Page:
ENDGAME: Did The Homeless Sink #OccupyPhilly?



PHILADELPHIA WEEKLY: An Occupier named Dan, waiting at the edges of the Occupy camp on Monday night for the GA to begin, says that his patience quickly wore thin—he says he camped at Dilworth for the first two weeks of Occupy Philly until homeless people made things “sketchy.” “I feel bad for people who are homeless, but nobody really wants to admit what happened,” he says. “The homeless basically ruined Occupy Philly. They took it over and brought a lot of negativity down on us, and they pushed out a lot of the original Occupy Philly people that didn’t want to deal with all of that or be responsible for all of their personal shit that had nothing to do with what we were out here fighting for.” MORE

RELATED: Police had no plans to evict anyone, Chief Inspector Joseph Sullivan said about 6:30 p.m. “We look forward to working with Occupy Philadelphia and a resolution of the problem. Confrontation is never good. Anyone who is being fair would have to say that there is a big difference between the police reaction to Occupy Philadelphia than in other cities,” he said. “I definitely, definitely want to really stress that the vast majority of people participating in this movement have been cooperative, nonviolent, and very respectful,” he said. MORE

RELATED: Pre-Occupied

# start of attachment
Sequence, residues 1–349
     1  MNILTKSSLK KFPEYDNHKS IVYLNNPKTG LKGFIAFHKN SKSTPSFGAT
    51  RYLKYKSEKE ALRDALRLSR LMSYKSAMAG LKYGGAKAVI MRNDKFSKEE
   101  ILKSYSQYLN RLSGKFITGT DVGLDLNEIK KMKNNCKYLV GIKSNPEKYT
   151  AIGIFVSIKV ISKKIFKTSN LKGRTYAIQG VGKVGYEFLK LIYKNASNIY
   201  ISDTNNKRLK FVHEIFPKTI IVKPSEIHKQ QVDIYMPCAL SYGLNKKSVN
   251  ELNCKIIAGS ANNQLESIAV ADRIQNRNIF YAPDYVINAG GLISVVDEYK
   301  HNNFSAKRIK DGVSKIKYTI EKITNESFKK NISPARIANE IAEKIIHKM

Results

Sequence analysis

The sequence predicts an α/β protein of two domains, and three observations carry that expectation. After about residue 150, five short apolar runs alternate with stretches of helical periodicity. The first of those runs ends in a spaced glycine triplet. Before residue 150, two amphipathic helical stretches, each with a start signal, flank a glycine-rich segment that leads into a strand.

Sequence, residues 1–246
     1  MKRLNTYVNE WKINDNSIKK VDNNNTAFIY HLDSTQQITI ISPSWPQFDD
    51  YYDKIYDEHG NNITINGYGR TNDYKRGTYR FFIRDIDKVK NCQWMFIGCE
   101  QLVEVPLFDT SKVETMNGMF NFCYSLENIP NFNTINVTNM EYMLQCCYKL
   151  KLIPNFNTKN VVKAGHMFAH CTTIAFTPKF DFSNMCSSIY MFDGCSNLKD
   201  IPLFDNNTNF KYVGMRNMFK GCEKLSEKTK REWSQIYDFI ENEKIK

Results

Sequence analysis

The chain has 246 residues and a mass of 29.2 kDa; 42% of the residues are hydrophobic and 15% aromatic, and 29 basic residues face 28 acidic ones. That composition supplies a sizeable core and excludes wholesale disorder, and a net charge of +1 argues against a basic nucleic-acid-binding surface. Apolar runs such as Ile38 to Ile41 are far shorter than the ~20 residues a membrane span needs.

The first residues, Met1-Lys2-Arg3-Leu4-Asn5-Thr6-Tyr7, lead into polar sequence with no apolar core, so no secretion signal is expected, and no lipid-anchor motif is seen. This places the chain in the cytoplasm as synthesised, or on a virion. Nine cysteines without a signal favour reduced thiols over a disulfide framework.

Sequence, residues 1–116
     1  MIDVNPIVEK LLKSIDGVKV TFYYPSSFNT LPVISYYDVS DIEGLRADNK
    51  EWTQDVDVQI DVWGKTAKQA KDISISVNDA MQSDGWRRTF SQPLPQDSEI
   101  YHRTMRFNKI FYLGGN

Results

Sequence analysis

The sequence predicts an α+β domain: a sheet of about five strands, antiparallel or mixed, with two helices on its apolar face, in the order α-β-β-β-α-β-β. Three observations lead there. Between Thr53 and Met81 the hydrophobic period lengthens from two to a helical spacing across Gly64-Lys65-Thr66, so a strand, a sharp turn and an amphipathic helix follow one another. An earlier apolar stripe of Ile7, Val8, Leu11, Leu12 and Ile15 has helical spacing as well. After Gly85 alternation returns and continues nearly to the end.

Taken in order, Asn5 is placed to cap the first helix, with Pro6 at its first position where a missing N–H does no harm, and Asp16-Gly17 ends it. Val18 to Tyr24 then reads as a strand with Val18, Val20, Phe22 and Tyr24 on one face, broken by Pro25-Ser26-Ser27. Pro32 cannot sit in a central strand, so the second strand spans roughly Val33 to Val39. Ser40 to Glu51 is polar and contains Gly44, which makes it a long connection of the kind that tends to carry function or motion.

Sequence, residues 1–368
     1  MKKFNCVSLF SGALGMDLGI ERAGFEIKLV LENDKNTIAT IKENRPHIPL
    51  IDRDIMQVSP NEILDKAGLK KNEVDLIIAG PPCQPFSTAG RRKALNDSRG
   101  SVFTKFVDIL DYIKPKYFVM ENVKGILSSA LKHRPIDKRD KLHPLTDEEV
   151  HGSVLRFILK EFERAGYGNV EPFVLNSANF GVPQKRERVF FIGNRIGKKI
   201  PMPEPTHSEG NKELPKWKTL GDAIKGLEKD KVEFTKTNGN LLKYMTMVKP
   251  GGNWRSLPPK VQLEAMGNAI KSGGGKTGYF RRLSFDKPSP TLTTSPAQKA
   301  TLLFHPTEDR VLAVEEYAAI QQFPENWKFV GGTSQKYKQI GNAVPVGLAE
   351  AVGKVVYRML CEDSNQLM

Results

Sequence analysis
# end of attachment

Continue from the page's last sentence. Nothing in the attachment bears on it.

RELATED: This is the home of the Metzger family. Arielle,15. Her brother Austin, 13. Their mother died when they were very young. Their dad, Tom, is a carpenter. And, he’s been looking for work ever since Florida’s construction industry collapsed. When foreclosure took their house, he bought the truck on Craigslist with his last thousand dollars. Tom’s a little camera shy – thought we ought to talk to the kids – and it didn’t take long to see why.

Pelley: How long have you been living in this truck?

Arielle Metzger: About five months.

Pelley: What’s that like?

Arielle Metzger: It’s an adventure.

Austin Metzger: That’s how we see it.

Pelley: When kids at school ask you where you live, what do you tell ’em?

Austin Metzger: When they see the truck they ask me if I live in it, and when I hesitate they kinda realize. And they say they won’t tell anybody.

Arielle Metzger: Yeah it’s not really that much an embarrassment. I mean, it’s only life. You do what you need to do, right? It’s life for a lot of folks.

The number of kids in poverty in America is pushing toward 25 percent. One out of four. Austin and Ariel usually get cleaned up for school at gas stations. They find its best to go to different ones every day so the managers don’t get sore. Before the bell, they blend in with more than 1,100 other homeless students in the Seminole County schools. At Casselberry School we met 15 kids who’d been living in cars. MORE

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